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Caffiene

Nearly everyone has heard of caffeine: a chemical compound that is known to help keep you awake. With it varying in everyday drinks like coffee from your local cafe to a traditional cup of green tea brewed at home, caffeine is something that has been normalised throughout the entire world.

 

 You can even see this happening with yourself as well. Perhaps, it’s the most prominent during your exam season, studying at 2 am with a cup of coffee that is always there to accompany you to aid your studies Observe the people around you; without a doubt, at least one person as consumed caffeine today already. Making caffeine a staple in many individuals’ lives.

 

 With caffeine being a drug that 90% of adults worldwide consume, it is one of the most addictive and common drugs around the globe. When a significant percentage of our population consumes this drug without even batting an eyelash at it, caffeine is clearly, without a doubt, something that had become a necessity for the majority.

But do you know exactly how this drug works?

 

First of all, what is caffeine? Caffeine (C8H10N4O2) is a stimulant, meaning it increases activity in your brain and nervous system. It works by increasing the circulation of chemicals like adrenaline and cortisol, it results in the consumer feeling refreshed and awake after intake. 

 

How does it work? 

When consumed, caffeine is absorbed into the bloodstream through your digestive system, it then travels to your liver and is broken down into compounds and chemicals that affect various organs in your body. 

 

One of these compounds function by blocking the effects of adenosine - a neurotransmitter, calms down the brain causing you to feel tired or sleepy - caffeine does so by connecting the adenosine receptors in the brain without activating them, blocking the effects on the nervous system. This subsequently stimulates the brain and encourages a higher level of alertness and focus. 

 

Effects of caffeine

Studies show that caffeine has been an aid in improving mood and brain function. Since the compound blocks the brain signalling molecule adenosine, this causes an increase in other signalling molecules including dopamine and norepinephrine. In addition, caffeine has been shown to enhance your metabolism rate, because of how caffeine stimulates the central nervous system, the drug has been shown to increase metabolism rate by up to 11%. Other than that, caffeine has many other positive effects such as liver protection, decreased cancer risk and skin protection. Making it adequate to consume in small dosages.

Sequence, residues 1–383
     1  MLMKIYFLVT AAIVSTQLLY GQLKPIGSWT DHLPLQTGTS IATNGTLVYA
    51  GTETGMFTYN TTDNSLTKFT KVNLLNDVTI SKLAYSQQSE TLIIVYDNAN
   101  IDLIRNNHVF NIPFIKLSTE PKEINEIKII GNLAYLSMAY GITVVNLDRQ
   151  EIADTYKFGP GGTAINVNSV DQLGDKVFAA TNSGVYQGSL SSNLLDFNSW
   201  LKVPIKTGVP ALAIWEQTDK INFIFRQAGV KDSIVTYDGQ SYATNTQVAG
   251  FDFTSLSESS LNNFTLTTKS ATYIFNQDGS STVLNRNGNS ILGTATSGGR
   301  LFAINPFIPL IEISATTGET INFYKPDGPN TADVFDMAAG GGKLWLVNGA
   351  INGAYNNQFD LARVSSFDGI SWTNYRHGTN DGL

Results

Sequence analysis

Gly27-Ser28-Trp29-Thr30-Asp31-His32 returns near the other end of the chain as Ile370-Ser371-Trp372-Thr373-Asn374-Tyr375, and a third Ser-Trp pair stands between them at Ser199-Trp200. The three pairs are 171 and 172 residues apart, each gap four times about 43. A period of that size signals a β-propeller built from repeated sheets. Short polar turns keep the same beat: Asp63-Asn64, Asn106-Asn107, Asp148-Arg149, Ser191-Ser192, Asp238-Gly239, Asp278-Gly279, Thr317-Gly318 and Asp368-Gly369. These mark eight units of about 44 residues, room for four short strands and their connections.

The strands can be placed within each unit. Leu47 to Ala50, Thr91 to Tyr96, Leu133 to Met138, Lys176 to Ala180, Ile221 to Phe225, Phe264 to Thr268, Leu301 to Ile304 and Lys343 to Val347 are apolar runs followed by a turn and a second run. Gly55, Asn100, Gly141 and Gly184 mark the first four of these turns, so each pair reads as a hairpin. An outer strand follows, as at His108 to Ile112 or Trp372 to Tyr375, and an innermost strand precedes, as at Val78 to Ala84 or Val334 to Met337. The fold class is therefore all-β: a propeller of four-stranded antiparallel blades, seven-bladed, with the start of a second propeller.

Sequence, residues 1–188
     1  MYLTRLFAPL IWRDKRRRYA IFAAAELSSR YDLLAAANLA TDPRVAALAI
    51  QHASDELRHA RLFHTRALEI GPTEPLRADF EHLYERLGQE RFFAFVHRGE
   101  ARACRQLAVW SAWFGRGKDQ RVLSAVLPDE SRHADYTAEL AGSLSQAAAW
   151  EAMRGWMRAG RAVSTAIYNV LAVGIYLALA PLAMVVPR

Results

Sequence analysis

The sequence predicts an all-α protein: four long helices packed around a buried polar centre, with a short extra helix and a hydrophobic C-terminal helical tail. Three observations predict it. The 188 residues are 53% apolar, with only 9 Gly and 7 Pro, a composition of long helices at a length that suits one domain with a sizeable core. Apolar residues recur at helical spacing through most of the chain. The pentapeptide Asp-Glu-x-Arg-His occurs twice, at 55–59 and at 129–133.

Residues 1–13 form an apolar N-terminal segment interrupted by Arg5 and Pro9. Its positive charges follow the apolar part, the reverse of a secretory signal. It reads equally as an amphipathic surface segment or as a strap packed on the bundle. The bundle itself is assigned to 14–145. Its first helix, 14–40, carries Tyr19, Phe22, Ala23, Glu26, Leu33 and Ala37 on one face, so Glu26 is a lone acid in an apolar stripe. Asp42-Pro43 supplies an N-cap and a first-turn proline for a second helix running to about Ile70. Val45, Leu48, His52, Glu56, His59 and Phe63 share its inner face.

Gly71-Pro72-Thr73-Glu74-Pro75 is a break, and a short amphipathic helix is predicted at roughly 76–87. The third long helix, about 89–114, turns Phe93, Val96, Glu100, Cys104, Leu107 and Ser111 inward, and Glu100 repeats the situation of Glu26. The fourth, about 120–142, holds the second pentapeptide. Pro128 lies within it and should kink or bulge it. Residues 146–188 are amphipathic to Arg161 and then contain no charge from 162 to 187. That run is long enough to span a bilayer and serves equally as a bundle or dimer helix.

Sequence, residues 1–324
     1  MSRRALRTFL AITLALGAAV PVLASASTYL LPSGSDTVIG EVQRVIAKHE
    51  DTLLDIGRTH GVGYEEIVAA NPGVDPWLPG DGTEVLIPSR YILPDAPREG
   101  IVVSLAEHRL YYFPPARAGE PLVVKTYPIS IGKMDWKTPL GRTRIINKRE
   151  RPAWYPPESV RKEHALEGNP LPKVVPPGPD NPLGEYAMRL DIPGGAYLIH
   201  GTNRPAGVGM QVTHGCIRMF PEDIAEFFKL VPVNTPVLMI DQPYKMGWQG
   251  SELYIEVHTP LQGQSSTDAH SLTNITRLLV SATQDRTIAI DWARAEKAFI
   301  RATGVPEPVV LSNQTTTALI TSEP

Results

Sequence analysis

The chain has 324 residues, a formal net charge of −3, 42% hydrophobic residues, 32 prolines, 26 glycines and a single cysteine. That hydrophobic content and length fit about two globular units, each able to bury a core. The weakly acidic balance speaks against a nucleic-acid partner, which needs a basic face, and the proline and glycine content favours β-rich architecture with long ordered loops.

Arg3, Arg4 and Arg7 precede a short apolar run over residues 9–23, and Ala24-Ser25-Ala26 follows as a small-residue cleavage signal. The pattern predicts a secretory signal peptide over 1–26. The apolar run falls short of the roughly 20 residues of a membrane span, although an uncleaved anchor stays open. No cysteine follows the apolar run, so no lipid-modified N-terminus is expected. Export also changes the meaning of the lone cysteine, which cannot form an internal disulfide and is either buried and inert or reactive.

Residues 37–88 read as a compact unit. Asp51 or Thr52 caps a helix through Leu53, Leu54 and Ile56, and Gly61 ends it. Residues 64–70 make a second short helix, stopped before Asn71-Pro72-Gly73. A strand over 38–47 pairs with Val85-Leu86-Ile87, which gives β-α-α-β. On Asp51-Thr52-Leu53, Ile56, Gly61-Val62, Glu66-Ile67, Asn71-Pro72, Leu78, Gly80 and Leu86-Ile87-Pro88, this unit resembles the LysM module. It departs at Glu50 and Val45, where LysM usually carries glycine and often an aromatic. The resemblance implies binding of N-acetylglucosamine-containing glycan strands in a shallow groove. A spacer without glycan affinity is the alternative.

With the positives comes the negative side effects. On the other hand, if consumed irresponsibly caffeine may promote negative side effects such as headaches, migraines, trouble sleeping and high blood pressure in some individuals. Caffeine can also increase your heart rate, hence if consumed too much can change the speed and regularity of your heart. This is known as tachycardia or cardiac arrhythmia which can cause heart failure.

Overall caffeine if consumed in appropriate dosages, is considered healthy and can promote good health with the beneficial side effects. Consumed heavily however, can cause long term and short-term effects and health problems which can be serious to the human body if not treated.

Works cited: 

Alcohol and Drug Foundation. “ADF - Drug Facts - Caffeine.” ADF - Alcohol & Drug Foundation, 16 Dec. 2020, adf.org.au/drug-facts/caffeine/.

 

Deneen, Niles. “Coffee Statistics 2018 U.S. | How Many People Drink...” Deneen Pottery, Deneen Pottery, 18 Feb. 2019, deneenpottery.com/coffee-statistics-2018/.

 

Dunwiddie, Thomas V., and Susan A. Masino. “The Role and Regulation of Adenosine in the Central Nervous System.” Annual Review of Neuroscience, vol. 24, no. 1, Mar. 2001, pp. 31–55, 10.1146/annurev.neuro.24.1.31.

 

National Coffee Association. “NCA Releases 2020 National Coffee Data Trends, the “Atlas of American Coffee.”” Www.ncausa.org, 26 Mar. 2020, www.ncausa.org/Newsroom/NCA-releases-Atlas-of-American-Coffee.

 

Petre, Alina. “What Is Caffeine, and Is It Good or Bad for Health?” Healthline, 3 June 2020, www.healthline.com/nutrition/what-is-caffeine#mood-brain-function.

 

US), Medicine. “Pharmacology of Caffeine.” Nih.gov, National Academies Press (US), 2014, www.ncbi.nlm.nih.gov/books/NBK223808/.

 

Hartney, Elizabeth. “The Effects of Caffeine on the Brain.” Verywell Mind, Verywellmind, 22 May 2012, www.verywellmind.com/what-are-the-effects-of-caffeine-on-the-brain-21842

Written by Najai Wongpaibool